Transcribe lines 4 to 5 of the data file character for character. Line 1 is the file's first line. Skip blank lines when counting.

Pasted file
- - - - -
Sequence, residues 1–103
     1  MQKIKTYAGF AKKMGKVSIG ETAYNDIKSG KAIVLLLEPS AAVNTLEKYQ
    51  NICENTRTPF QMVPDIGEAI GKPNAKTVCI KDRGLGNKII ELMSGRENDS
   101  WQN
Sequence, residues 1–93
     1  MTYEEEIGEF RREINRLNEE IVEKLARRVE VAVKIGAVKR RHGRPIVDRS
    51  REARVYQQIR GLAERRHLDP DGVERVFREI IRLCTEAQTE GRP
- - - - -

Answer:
   101  WQN
Sequence, residues 1–93